All in all, a fun day on the river even though I couldn't bring in any of the elusive Coho. Attached are pictures of the Flounder and the trophy Sculpin :)

***NOTE*** For some reason I can't attach any pics. I'll try from my iPhone because for some reason my CPU keeps freezing up when I try and upload them.
Here we go, now it's working!

Picture 553.jpg Picture 552.jpg
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Sculpins are all mouth!

My buddy and I fished on the rainy Sunday. I was skunked, but he landed a pair of beautiful searun cutthroat at Klootchy Creek. Biggest ones we've landed so far this fall.

He caught the small one first, just as we were going to give up on the hole after working it over for a half hour. Put it in the bag and he cast again and caught the big one... first time it boiled to the surface, I couldn't tell if it was cutthroat or salmon, then it leaped and could see that it was a large cutthroat. They dressed out to 2 lbs of dinner!

I've nicknamed him "Rulebreaker" because everything about this catch broke all the rules... virtually the last cast in the pool rather than the first, 'small' fish was first, both from the same pool, etc.
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Thanks Great Report.! It's amazing the number of coho and Chinook that are moving in........ Finally.

I've made the Necanicum an obsession this season. I have a few friends who are Seaside locals and I've invited myself down.........for the last 7weekends.

You see my buddy has a "Wall of Death" and on it were pictures of 30+ lbs fall Chinook, all caught this time last year. I committed myself to be part of this fishery 9 months ago, like most things this year, it's a bit later than usual. And I'm not about to give up yet!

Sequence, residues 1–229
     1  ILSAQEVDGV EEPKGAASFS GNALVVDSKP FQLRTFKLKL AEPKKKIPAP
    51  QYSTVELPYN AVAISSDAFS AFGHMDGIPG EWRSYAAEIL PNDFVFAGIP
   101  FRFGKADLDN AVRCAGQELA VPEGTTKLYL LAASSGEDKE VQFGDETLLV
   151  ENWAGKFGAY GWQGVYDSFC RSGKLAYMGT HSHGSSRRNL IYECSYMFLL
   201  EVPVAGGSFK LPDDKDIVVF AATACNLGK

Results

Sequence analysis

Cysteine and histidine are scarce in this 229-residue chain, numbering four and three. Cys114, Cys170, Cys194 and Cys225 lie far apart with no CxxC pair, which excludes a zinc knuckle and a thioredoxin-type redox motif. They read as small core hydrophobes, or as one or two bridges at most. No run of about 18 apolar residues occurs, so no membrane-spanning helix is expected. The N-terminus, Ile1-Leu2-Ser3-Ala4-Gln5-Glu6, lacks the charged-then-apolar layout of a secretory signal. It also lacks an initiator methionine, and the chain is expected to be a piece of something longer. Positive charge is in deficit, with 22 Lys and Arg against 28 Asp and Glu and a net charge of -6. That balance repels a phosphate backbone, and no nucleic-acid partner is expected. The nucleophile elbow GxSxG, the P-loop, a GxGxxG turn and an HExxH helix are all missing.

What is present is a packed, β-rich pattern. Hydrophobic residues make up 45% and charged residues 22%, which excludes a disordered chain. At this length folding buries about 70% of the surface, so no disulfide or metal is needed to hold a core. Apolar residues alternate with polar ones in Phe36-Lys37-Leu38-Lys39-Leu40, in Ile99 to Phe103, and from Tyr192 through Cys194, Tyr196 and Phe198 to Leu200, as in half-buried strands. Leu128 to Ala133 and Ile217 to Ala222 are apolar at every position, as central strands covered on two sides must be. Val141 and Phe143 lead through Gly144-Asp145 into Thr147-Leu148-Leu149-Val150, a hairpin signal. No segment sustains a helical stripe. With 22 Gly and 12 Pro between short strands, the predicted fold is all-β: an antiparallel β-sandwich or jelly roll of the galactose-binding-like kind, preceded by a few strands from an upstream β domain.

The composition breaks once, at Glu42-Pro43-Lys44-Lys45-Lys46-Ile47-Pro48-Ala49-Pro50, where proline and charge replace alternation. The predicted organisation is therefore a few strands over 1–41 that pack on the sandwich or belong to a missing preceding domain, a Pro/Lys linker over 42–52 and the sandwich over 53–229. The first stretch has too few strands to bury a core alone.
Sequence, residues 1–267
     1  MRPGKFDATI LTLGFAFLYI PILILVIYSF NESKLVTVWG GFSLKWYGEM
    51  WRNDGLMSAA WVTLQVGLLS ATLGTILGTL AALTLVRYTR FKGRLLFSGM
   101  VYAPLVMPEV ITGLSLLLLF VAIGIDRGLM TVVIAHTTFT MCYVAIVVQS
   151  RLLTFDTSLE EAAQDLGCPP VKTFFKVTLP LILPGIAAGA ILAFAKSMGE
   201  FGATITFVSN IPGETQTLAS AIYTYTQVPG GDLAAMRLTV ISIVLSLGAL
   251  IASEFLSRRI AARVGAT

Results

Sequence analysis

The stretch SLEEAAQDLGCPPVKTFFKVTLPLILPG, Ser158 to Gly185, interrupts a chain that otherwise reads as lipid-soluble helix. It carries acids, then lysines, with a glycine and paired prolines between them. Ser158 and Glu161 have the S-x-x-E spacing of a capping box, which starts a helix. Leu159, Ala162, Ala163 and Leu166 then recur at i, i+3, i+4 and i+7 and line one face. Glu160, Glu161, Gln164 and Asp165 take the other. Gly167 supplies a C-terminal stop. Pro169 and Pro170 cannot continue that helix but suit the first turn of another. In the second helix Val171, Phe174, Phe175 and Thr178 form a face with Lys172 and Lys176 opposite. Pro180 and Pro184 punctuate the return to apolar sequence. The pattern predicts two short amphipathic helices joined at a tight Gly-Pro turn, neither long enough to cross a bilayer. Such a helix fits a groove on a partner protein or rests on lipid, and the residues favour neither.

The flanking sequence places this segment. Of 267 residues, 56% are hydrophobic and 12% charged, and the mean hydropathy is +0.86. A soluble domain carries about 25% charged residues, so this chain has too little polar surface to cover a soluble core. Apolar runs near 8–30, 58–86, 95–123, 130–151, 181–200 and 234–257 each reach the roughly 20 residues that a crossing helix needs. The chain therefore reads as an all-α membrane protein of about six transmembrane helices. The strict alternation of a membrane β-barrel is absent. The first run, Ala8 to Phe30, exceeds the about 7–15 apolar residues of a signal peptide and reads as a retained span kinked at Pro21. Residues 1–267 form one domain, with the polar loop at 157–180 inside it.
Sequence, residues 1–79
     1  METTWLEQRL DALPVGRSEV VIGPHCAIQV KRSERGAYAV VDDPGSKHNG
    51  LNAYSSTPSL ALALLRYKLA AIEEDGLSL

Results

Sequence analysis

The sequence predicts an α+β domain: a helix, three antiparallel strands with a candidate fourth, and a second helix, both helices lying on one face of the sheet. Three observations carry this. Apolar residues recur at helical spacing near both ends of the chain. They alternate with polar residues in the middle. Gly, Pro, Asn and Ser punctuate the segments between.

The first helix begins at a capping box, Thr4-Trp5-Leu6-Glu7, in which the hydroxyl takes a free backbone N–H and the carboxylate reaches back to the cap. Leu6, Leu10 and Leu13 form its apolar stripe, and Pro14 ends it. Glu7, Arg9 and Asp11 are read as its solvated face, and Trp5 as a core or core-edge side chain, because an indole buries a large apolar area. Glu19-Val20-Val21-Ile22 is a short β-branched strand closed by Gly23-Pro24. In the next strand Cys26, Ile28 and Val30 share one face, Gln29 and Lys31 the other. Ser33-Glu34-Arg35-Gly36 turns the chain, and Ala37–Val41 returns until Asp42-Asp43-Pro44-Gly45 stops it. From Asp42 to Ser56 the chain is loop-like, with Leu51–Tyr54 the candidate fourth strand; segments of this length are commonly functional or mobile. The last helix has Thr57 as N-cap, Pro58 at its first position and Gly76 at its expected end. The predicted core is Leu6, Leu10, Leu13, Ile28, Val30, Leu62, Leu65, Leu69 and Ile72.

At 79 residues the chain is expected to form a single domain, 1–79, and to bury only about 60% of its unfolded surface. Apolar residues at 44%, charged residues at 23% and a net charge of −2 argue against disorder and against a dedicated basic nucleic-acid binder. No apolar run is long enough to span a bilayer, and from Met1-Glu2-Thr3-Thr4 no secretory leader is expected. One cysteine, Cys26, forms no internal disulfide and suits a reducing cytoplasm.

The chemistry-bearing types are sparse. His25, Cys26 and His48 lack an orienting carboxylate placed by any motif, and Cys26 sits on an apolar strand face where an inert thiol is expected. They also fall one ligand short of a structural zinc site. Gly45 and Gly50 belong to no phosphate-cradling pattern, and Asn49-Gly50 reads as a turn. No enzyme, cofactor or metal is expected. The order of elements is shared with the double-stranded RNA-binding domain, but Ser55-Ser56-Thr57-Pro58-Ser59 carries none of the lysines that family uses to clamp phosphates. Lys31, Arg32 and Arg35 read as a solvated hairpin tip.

LOL a trolling spinner...... Even the locals hide what they use from each other. We make sure the secret spinner is swimming at depth when around other anglers are near by and we hang units that are not productive on our b/u rods in full view......

When in Rome...

I will give you a hint tho, were using #7 blades and the Sculpins try inhaling those as well. I think we have caught 50+. They are super aggressive little buggers....

Crabbing off the 12 street bridge......... I'm kinda surprised you harvested 3 males, in that; that bridge is a crab pot gauntlet.

Sustainable female crabbing operation. Pots get pulled, females get pitched back, pots get re-set, fill up with females, and on and on, all summer long.

Having a boat and friend who give me Tuna Gutz ( ty BobbieDoll) we do much better setting the traps well down stream from the bridge.

If you go back before the Chinook run is over PM me and I'll share w/ a fellow offer, what the color combo of the Necanicum Killer really is.
I have actually read that Sculpin are actually pretty good. Someone pointed out that they were related to Lings and Cabezon. I'm adventurous, and wouldn't mind trying one if i caught one big enough.
nice starry flounder i wouldnt mind targeting flounder a time or two. guess it would help not to target everything else that bites on the coast :-D
Intimidator03 - I agree with your last statement, some pics are painful to see.
I was only targeting 1 fish: Coho. The sculpins, flounder, and a small crab that got tangled on my line were just casualties :)

Sculpins in particular are some of the most aggressive fish I've ever seen. Little 2 inch ones would chase my #6 Blue Fox all the way to the bank. Too bad they aren't bigger; they might be fun to catch.

the_intimidator03 said:
nice starry flounder i wouldnt mind targeting flounder a time or two. guess it would help not to target everything else that bites on the coast :-D